A downgraded outlook from rating agency Fitch highlighting the sovereign’s economic difficulties was predicted by its country-risk score trend. Moody’s is lagging behind, but might respond when it reviews the sovereign in June.
Finland’s total risk score of 83.2 out of 100 is 4.7 points worse off since 2010 and almost 11 points in total since 2007, before the global financial crisis took its toll on the eurozone outlook.
A perceptible increase in risk has seen the sovereign slide from fifth to seventh in the global rankings during the past 15 months, lying below Denmark, Norway and Sweden.
Finland is still in Euromoney’s top tier – containing the world’s safest sovereigns – but country-risk experts downgraded several of its 15 risk indicators last year, among them the economic-GNP outlook and government finances.
S&P moved early, downgrading Finland to AA+ in October, but Moody’s has stayed loyal to its stable AAA rating, focusing on the borrower’s decent short-term liquidity profile and strong institutional underpinnings – with its yield depressed by the eurozone trend.
Tiina Helenius, head of economic research for Finland at Handelsbanken, believes the main driver of the current economic slump is the fall in labour productivity linked to the demise of the electronics, and pulp and paper industries – its two key export sectors.
“[The] global investment and growth slowdown had a dramatic impact on Finnish industry, with the decline in corporate profitability resulting in a loss of jobs,” says Helenius.
An unemployment rate of 8.8% (harmonized) in January is higher than its Nordic neighbours, and an employment/unemployment score of less than eight out of 10 reflects the fact this has been persistent.
Finland, moreover, is exposed to the EU-Russian diplomatic spat, given the high volume of cross-border trade. Affected by the embargo, the value of Finland’s exports to Russia fell 13.5% last year.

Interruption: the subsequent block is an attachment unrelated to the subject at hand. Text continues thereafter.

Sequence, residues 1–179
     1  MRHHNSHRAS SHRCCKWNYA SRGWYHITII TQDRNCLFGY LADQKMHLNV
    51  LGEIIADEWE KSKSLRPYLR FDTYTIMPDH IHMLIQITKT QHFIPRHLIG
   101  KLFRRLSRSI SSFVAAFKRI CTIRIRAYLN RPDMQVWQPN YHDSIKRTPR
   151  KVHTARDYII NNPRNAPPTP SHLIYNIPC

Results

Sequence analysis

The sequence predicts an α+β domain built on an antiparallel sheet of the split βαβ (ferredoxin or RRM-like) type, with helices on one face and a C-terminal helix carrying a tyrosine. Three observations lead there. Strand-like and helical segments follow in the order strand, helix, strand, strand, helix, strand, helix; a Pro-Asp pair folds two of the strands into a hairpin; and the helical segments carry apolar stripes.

It also has acute population ageing, highlighted by a low score of just 6.7 out of 10 for the demographics indicator, making debt cuts and supply-side reforms imperative to raise Finland’s competitive edge and its labour force.
However, that raises difficult political questions surrounding immigration.
The Centre Party, leading in the opinion polls for a parliamentary election on April 19, is promising to boost employment, but must also adhere to deficit-reduction – something all of the main parties are campaigning on.
The election outcome is uncertain and the main problem will be in forging a stable government in a country where multi-party coalitions are the norm, and where lately toxic disagreements over public spending cuts have brought instability and delayed reforms to local government, and the social and healthcare system.
Reijo Heiskanen, chief economist with OP-Pohjola Group, is fairly confident the budget deficit will be reduced enough to stabilize the debt-to-GDP ratio and attain the EU fiscal criteria.
However, this is a minimum requirement and he cautiously adds: “The outlook change [by Fitch] was a clear reminder the new government will need to take seriously the task of stabilizing the debt ratio in the next few years.”
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